|Image by Malc McDonald|
Over the years cars have become safer, more fuel efficient and more environmentally friendly. What has not improved at the same rate, however, is the quality of driving. Millions of driving offences are dealt with by the police every year but even more happen every day, unnoticed or with minimal consequences. Many people may believe that they are a ‘good driver’ and that they do not break any laws or commit any offences – while others simply do not care or don’t see what they are doing as illegal. This article looks at some of the most common driving offences committed on a daily basis in the United Kingdom. Some of the offences are obvious while others may be more of a surprise.
|Image by DeFacto|
One law that most people will be aware of, but many will still flout, is using your mobile phone while driving. It is illegal to drive while using a hand-held phone or similar device, this means that it is illegal to make a call or text from a mobile phone while driving. You can only use your phone while driving if you need to call 999 in an emergency and it is impractical to stop. This law does not directly apply to hands-free phones or sat-navs but if the police believe you are distracted and not in control you can still be penalised. You are four times more likely to crash if you are using a mobile phone while driving and your reaction time is 50% slower.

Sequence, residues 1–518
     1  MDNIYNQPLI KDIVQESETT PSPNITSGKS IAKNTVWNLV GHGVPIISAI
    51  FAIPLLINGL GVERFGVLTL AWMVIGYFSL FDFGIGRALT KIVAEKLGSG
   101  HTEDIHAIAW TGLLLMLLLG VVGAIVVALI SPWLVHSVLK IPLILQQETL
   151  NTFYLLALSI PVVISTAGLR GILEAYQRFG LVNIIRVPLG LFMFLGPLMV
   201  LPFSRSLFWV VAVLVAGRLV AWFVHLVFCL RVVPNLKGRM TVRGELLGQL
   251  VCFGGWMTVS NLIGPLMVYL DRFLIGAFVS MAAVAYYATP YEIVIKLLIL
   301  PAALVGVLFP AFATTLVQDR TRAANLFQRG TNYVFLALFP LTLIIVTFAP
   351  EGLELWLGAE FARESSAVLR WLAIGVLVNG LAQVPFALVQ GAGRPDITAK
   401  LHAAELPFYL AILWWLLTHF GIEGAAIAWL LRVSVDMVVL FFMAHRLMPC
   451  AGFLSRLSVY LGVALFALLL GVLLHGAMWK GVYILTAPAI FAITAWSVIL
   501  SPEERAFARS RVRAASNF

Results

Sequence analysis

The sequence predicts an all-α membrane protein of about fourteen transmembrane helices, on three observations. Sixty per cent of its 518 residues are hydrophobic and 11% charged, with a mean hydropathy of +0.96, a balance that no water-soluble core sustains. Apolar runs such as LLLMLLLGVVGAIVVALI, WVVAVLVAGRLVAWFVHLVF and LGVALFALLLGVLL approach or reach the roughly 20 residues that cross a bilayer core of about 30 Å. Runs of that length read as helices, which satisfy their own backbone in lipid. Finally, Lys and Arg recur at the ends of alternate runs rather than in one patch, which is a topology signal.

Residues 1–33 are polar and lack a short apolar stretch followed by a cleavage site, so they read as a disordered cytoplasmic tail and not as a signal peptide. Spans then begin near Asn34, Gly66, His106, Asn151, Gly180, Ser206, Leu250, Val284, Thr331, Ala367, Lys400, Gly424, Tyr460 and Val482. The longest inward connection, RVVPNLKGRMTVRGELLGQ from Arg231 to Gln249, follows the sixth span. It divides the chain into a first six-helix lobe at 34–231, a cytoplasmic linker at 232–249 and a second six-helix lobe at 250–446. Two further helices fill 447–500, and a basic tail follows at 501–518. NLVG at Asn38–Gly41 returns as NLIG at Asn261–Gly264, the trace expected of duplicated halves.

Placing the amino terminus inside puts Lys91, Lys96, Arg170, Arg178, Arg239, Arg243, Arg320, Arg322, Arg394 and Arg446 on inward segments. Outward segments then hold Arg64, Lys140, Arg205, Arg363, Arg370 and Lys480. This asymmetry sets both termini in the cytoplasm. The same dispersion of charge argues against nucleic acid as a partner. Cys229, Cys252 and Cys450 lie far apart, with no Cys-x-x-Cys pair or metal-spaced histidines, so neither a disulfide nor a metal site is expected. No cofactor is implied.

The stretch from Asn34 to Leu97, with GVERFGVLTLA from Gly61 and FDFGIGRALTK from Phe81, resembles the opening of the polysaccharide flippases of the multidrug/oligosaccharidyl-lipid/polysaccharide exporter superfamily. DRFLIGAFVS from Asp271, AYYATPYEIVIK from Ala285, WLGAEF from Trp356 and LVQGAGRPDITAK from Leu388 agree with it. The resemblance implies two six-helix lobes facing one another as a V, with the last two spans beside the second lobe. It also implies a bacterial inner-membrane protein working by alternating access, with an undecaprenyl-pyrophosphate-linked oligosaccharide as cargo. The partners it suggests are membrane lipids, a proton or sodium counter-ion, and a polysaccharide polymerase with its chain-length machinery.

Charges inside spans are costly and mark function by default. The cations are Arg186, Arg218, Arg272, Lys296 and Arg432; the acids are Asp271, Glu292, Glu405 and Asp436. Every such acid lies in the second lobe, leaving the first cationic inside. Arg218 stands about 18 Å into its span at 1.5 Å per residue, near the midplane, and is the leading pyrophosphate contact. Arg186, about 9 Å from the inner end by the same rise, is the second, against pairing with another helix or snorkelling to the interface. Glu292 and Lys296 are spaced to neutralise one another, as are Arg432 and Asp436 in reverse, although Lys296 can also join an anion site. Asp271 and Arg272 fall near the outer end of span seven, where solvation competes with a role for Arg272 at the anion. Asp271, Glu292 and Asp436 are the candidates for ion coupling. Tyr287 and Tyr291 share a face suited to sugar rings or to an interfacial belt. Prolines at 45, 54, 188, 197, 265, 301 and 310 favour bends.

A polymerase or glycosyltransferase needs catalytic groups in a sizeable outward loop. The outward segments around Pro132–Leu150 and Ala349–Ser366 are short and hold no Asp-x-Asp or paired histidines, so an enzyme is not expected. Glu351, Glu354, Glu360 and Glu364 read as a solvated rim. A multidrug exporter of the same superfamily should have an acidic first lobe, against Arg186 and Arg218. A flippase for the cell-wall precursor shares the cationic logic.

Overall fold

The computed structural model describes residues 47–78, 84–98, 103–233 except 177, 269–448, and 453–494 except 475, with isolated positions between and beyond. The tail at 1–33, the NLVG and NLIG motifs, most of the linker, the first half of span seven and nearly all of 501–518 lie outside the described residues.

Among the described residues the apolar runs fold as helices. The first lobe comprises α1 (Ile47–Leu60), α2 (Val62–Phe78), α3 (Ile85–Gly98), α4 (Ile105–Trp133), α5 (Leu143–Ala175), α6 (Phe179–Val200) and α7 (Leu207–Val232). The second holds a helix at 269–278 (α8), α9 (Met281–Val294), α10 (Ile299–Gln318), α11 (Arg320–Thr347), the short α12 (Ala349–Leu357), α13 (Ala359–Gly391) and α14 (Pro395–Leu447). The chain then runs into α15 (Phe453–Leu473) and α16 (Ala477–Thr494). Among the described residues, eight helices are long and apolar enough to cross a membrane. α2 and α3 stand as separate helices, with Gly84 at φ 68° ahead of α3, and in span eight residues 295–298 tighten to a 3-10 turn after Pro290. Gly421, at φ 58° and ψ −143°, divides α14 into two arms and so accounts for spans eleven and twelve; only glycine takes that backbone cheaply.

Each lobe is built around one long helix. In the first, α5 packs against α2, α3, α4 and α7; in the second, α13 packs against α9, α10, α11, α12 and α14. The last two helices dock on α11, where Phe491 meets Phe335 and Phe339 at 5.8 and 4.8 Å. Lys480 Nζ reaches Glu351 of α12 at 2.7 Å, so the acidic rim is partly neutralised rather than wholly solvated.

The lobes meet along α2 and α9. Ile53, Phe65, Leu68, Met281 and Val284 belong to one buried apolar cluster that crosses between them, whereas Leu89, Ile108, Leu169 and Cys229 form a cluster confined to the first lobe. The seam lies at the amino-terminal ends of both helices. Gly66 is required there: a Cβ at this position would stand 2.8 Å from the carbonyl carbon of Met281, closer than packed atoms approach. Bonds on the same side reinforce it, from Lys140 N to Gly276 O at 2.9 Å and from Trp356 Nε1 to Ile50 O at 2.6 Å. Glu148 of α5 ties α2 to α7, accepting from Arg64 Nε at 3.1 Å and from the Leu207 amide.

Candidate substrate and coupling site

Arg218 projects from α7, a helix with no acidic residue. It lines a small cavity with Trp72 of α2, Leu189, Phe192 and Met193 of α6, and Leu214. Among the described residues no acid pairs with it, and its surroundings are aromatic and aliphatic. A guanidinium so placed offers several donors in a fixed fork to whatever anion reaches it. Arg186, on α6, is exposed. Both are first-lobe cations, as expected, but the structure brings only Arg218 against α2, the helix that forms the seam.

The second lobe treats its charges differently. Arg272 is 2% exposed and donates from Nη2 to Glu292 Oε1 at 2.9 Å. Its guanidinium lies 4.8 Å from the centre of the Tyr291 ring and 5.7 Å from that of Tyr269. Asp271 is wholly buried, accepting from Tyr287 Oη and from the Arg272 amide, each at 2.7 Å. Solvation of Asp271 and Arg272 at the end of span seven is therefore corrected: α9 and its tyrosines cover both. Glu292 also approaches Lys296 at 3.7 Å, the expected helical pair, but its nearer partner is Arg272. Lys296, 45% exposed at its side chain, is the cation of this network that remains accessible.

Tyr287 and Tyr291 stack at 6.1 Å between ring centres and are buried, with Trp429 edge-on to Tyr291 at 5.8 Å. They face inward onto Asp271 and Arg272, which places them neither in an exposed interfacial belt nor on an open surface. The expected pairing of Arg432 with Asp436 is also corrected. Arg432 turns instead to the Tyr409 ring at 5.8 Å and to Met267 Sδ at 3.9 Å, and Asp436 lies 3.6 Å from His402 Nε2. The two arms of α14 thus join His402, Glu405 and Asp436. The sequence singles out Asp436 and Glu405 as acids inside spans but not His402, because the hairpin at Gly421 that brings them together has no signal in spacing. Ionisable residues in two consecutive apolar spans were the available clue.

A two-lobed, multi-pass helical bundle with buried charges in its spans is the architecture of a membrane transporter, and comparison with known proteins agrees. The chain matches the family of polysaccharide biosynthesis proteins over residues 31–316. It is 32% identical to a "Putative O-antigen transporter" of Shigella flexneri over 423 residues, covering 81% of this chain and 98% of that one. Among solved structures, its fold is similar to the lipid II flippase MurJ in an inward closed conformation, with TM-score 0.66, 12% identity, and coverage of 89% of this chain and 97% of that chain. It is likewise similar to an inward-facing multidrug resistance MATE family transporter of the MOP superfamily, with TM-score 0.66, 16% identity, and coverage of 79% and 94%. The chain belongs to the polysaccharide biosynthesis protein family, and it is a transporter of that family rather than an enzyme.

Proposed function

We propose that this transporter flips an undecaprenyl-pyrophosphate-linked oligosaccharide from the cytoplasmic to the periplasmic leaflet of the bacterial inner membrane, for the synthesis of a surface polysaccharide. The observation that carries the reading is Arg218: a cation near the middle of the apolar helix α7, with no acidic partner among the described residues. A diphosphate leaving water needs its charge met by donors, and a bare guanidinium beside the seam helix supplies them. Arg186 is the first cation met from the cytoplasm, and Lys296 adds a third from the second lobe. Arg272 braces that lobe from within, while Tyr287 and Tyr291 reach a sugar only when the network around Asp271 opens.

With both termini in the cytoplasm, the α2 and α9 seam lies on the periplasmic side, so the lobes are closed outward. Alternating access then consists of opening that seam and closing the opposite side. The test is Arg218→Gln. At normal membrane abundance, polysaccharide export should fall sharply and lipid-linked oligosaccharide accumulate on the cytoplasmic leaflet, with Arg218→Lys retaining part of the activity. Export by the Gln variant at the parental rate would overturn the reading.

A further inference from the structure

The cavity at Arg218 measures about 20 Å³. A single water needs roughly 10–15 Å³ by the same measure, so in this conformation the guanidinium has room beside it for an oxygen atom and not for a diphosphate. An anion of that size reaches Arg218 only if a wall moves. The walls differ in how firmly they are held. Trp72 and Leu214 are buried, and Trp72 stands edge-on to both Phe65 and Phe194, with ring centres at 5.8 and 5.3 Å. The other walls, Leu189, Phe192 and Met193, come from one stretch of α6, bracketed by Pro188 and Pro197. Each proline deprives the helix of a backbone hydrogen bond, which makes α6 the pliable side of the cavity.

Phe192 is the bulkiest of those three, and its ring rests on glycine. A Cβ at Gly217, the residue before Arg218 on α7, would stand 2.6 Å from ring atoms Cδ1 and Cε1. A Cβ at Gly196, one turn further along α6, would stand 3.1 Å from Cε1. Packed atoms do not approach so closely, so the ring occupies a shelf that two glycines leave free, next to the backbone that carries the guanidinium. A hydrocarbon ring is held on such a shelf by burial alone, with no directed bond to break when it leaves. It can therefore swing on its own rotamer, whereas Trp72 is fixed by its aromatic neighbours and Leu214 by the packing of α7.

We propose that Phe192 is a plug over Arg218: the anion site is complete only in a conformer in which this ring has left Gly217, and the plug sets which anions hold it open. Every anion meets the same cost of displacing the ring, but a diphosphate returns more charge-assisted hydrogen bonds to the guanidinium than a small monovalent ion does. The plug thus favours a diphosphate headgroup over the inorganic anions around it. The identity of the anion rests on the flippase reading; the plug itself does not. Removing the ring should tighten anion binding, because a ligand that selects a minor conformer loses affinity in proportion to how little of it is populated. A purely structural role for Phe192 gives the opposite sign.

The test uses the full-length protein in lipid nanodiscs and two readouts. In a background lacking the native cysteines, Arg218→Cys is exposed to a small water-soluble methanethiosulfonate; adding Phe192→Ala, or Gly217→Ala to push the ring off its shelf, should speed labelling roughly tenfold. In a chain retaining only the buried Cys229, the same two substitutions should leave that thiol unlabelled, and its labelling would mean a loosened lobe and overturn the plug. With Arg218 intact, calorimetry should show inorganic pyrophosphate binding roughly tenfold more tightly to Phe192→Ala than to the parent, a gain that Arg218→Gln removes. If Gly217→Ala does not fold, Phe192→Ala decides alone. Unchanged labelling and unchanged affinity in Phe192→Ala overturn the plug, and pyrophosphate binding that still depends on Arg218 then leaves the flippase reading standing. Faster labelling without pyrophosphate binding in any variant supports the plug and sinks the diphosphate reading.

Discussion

|Image by UniSouth|
Safety is key when driving and many of the laws and regulations are intended to keep people safe while they are in a car. Another common driving offence is running traffic lights, i.e. driving through a red light. This can be highly dangerous as you could effectively be driving directly into the path of a car coming from a different direction. If you are caught committing a traffic light offence it could result in a fine up to £1,000, a discretionary disqualification or 3 points on your licence. Similarly being stopped by police for not wearing a seatbelt can involve an on-the-spot fine of £60 and a maximum fine of £500 is prosecuted. Seatbelts are there to keep you safe – if you are in a crash, whether it is your fault or not, you are twice as likely to die if you are not wearing one.
|Image by Evelyn Simak|
More surprising driving offences include flashing your headlights to warn other drivers of speed traps and using your horn. If you flash your headlights to warn another car of a speed trap then you could be prosecuted for impeding a police officer in the course of their duty. Warning other drivers in this way is, however, only a crime if the police can prove the car you were warning was speeding. It is also an offence to use your horn when your car is stationary or if you are driving in a built up area between 11.30pm and 7am. You should also not sound your horn in an aggressive manner. You can even be pulled over if your number plate is too dirty or obscured and if you refuse to rectify it then you can be fined or prosecuted.
Many people will be quick to claim that they are a good driver but on closer inspection they may actually be committing minor or more serious driving offences on a regular basis. If you have been caught by the police and you need legal advice it may be useful to use the services of solicitors that specialise in motoring law and driving offences. It is important to stay safe, alert and in control when driving as you may be putting others at risk as well as yourself.